All I wanna do is [gunshot] [gunshot] [gunshot] [gunshot] and [cash register noise] and take yo’ money

Let’s use the form of Arcade Fire’s Funeral to make a point: “Rebellion (Lies),” the second-to-last track on the album, is (besides maybe the opener) the most climactic and glorious of them all. Many artists tend to frontload their albums, then save the second-to-last track for some downer song to lead us into the happy ending. As cool as that is, I love the big, joyous second-to-last track, and M.I.A.’s got it on Kala. It’s called “Paper Planes,” and while joyous might not be the exact word for a song dealing with immigration woes, kids with guns, and drug dealing, it’s still an exuberant, Clash-sampling, sound-effect slinging romp. And, let’s face it, when’s the next time you’ll hear a song this good with sound effects for a chorus?

Friend Opportunity

Not only the best album by a band that can’t stop making great albums, but also one of the year’s most underrated and certainly worth listening to until you get over the fact that Deerhoof is kind of pretentious, because, let’s face it, if you’re calling them pretentious, maybe you’re just pretentious too and can’t see that they’re just having fun, man. Poser.

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photo / Kristin Hillery Creative Commons licensed: Attribution-NonCommercial-ShareAlike 2.0 MGMT at Fun Fun Fun Fest 

Jens: Not so silent

Coherent story-songs aren’t so big these days, which is why Jens Lekman’s “A Postcard to Nina” is – well – awesome. It’s written as a postcard, and even signed lyrically, “Yours truly, Jens Lekman.” (Curiously, he pronounces his name differently than he did on “Black Cab.”) Here’s the plot of the postcard/song: Jens meets a girl, Nina, in Berlin, and she takes him home – without telling him that he has to pose as her boyfriend so her father won’t discover she’s a lesbian. At family dinner, Jens is trying his best to dodge every bullet hurled his way by Nina’s nosy father, who insists on playing Jens’ record and even reading the booklet. Finally, dad catches Jens in a lie (he says he’s moving to New York – or was it Sweden?), but it blows over and now Nina’s father is emailing Jens every day. He sends back “out of office” replies. The fact that I can glean all that from the lyrics speaks volumes for this charming story-song. And it’s even got a catchy tune.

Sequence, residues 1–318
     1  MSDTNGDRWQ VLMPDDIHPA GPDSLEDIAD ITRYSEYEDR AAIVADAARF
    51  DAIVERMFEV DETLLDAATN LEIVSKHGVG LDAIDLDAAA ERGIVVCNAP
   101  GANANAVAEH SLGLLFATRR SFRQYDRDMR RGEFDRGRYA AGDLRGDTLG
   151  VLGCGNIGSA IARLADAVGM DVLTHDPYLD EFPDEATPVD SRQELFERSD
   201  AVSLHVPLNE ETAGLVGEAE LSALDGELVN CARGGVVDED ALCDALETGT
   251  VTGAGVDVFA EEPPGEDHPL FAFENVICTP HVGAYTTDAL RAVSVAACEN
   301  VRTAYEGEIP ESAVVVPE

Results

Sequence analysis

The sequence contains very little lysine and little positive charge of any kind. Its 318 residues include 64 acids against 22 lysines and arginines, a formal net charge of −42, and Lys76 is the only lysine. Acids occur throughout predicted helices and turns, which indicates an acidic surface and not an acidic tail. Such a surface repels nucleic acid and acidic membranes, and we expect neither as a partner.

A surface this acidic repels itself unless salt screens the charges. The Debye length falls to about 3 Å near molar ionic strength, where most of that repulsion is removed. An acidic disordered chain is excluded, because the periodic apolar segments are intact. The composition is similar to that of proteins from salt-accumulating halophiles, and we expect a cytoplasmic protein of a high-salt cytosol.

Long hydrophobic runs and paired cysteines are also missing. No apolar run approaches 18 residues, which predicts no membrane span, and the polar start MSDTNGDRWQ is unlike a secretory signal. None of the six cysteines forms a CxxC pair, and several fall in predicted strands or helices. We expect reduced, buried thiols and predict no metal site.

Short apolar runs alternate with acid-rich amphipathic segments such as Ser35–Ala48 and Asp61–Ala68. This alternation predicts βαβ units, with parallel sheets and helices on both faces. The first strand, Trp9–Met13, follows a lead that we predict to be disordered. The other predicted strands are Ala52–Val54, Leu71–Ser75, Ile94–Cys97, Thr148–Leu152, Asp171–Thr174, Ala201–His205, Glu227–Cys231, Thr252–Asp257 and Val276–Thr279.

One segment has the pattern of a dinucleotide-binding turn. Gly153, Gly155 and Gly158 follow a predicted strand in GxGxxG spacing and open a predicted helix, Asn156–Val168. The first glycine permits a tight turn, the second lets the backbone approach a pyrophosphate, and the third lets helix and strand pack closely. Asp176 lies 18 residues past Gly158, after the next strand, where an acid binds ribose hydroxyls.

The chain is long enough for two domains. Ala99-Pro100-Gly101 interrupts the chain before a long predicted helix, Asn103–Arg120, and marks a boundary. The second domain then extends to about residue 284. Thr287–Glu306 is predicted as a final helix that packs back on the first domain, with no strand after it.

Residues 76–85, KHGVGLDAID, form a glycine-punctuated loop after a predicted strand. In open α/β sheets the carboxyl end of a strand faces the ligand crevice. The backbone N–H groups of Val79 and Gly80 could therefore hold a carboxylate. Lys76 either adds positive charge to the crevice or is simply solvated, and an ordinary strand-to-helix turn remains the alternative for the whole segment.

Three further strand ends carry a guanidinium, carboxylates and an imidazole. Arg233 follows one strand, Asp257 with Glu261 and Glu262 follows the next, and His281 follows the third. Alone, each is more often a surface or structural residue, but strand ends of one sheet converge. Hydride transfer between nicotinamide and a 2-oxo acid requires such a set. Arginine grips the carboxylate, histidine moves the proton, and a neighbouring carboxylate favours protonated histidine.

Albatross: How We Failed to Save the Lone Star State with the Power of Rock and Roll

Please buy our album.

The Zombies came back to life

It didn’t get a huge reception, but it did get a mention in Rolling Stone. This year MGMT released Oracular Spectacular, a Dave Fridmann-produced (Flaming Lips, Mercury Rev, Starlight Mints, etc.) album full of psychedelia and countless other 60s and 70s influences. The band seems like it’s still finding its sound (and it’s gone through some lineup changes recently), but the album is still packed with incredibly catchy songs. I think the production leaves something to be desired – though whether Fridmann is to blame is anyone’s guess. Everything sounds a little too clean, but based on the fact that MGMT is currently touring with Of Montreal and will be touring next year with The Fiery Furnaces, chances are they’ll have more time to produce even better albums. At any rate, take advantage of this early point in their development to sample their broad palate of influences. Bands like this, they eventually settle down.

So long, 2007. You’ve been good to us. As 2008 rolls in, “Listening Parties” will be there to actually cover things as they happen. Imagine that.

Comments

John Michael Cassetta's picture
TOP staff

Adam your shamelessness dominates my Most Shameless Plugs of 2007 list. I’ll be there tomorrow though.